That was the case at the Allianz Arena, as Hungary put on an inspired display that so nearly resulted in the upset of the tournament. But one small tweak appeared to make all the difference, as Joshua Kimmich gave Germany an immediate boost after shifting into the midfield and linking up with Bayern Munich teammate Goretzka.
Considering England’s poor record against the Germans, don’t be surprised if Gareth Southgate employs a conservative approach – similar to Hungary’s – in hopes of sealing a rare victory and ending Low’s career on a sour note.
Ronaldo still holds the key for Portugal
After all these years, Portugal continues to rely on Cristiano Ronaldo to deliver the goods. It’s not so much a criticism as a fact. After all, why not? Ronaldo is one of the greatest players of all time and still productive at age 36. Cutting him out of the game plan altogether would be foolish.
Ronaldo scored five of Portugal’s six goals in the group stage, showing the nerve to convert three penalties and the timing to finish off two other big chances. And his penalty record – often dismissed as a personal crutch – does indeed matter. Portugal hasn’t created enough to score consistently from open play, and penalties themselves have been far from automatic in this tournament, with a whopping 41% of spot-kicks missed thus far.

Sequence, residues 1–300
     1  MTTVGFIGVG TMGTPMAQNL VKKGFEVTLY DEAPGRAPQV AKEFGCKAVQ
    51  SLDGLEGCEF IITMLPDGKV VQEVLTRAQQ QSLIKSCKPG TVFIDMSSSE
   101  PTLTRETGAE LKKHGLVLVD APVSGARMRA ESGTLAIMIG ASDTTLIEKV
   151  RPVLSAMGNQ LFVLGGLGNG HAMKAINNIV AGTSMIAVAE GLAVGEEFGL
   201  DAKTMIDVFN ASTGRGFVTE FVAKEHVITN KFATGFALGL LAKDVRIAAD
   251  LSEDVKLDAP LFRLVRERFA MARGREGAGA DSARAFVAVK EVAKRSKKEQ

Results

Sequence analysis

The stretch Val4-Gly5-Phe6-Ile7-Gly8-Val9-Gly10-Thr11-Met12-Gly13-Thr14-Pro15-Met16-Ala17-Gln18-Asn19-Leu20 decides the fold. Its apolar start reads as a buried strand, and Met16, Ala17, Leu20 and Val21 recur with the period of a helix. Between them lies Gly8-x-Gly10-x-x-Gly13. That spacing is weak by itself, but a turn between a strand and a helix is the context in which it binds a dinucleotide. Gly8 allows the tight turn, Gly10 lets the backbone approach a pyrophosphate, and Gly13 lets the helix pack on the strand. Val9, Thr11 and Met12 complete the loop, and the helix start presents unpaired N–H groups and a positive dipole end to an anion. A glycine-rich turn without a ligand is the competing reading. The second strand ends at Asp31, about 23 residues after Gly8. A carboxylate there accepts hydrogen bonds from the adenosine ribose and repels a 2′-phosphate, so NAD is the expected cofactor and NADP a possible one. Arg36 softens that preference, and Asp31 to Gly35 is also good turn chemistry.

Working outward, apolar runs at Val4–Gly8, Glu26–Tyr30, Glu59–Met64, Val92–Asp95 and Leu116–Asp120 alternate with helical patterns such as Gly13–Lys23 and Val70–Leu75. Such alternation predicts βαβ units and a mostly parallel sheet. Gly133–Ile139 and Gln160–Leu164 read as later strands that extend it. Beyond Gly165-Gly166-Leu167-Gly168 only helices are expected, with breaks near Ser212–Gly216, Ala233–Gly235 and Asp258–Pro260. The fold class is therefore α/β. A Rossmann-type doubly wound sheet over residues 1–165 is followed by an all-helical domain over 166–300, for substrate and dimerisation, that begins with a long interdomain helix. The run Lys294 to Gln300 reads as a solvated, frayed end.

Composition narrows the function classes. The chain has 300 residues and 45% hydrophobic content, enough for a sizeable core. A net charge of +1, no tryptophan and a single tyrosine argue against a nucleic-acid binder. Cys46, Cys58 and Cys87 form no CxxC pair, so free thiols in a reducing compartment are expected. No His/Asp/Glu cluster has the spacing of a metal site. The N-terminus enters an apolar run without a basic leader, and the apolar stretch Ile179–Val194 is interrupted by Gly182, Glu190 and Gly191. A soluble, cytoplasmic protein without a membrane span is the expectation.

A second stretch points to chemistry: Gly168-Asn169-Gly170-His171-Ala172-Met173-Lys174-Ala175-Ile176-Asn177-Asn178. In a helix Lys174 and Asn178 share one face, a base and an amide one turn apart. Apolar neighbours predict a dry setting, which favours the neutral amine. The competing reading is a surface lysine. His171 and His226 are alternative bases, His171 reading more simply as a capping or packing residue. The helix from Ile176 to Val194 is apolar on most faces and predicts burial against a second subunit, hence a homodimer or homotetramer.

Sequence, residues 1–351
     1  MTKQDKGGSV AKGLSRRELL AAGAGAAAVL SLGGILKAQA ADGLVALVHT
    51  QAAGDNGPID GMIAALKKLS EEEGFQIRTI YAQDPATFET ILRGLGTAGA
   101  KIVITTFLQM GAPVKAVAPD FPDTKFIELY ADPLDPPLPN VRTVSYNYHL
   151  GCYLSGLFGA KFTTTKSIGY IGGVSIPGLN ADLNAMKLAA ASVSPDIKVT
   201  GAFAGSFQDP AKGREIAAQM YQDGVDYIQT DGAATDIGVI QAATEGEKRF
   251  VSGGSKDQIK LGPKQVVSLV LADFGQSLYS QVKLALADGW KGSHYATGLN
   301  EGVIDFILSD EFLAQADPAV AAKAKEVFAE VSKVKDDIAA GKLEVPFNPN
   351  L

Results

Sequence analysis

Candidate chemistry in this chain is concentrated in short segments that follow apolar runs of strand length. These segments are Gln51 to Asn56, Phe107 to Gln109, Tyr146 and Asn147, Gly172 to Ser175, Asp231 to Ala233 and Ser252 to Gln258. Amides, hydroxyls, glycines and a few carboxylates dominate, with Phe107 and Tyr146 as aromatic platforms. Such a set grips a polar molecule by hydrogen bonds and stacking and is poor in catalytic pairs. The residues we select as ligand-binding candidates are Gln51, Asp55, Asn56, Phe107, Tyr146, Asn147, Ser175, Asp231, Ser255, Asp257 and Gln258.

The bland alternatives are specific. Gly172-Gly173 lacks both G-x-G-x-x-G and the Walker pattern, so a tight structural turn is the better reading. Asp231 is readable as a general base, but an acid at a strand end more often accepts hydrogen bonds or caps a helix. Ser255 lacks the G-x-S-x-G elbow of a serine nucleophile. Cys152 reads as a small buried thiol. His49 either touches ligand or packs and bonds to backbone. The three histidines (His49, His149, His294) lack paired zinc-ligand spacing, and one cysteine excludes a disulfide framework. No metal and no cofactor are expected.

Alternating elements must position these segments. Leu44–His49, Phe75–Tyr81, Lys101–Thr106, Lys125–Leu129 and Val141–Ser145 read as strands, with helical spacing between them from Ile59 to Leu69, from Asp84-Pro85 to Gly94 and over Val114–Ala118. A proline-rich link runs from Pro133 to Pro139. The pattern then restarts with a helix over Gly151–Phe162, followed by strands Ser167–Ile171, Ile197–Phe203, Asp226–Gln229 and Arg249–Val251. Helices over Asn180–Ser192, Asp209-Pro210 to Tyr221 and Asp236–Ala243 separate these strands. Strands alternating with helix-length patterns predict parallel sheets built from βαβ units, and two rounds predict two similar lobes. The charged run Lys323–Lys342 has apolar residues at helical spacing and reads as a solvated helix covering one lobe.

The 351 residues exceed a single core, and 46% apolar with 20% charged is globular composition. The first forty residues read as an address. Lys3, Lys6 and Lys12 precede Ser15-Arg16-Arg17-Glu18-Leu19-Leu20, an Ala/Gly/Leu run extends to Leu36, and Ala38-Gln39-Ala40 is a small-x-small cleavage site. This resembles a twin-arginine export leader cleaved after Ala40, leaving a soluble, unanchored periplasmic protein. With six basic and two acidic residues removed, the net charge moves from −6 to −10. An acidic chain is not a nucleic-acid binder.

Simply put, there’s no way Portugal would have advanced without Ronaldo’s influence in the 18-yard box.
That also means there’s much to improve on heading into the knockout round. Bruno Fernandes, the nucleus of Portugal’s attack, has to respond after dropping to the bench Wednesday against France. Head coach Fernando Santos should expect more from playmakers Bernardo Silva and Diogo Jota as well.
Maybe it’s time for the likes of Andre Silva and Rafa Silva to get some valuable minutes. Andre Silva scored 28 league goals during the 2020-21 campaign – more than everyone on the team except Ronaldo. Rafa Silva has offered more immediate evidence of his quality, adding pace and trickery in his two cameo appearances during the group stage.
Ronaldo will always figure into Portugal’s success. It’ll be that way until he retires. But his teammates can offer him another way of winning.
LGBTQ support strong despite UEFA’s orders
UEFA controversially pulled the plug on Munich’s plan to illuminate the Allianz Arena in rainbow colors for Hungary’s trip to face Germany, but it couldn’t erase the Bavarian city’s support for the LGBTQ community.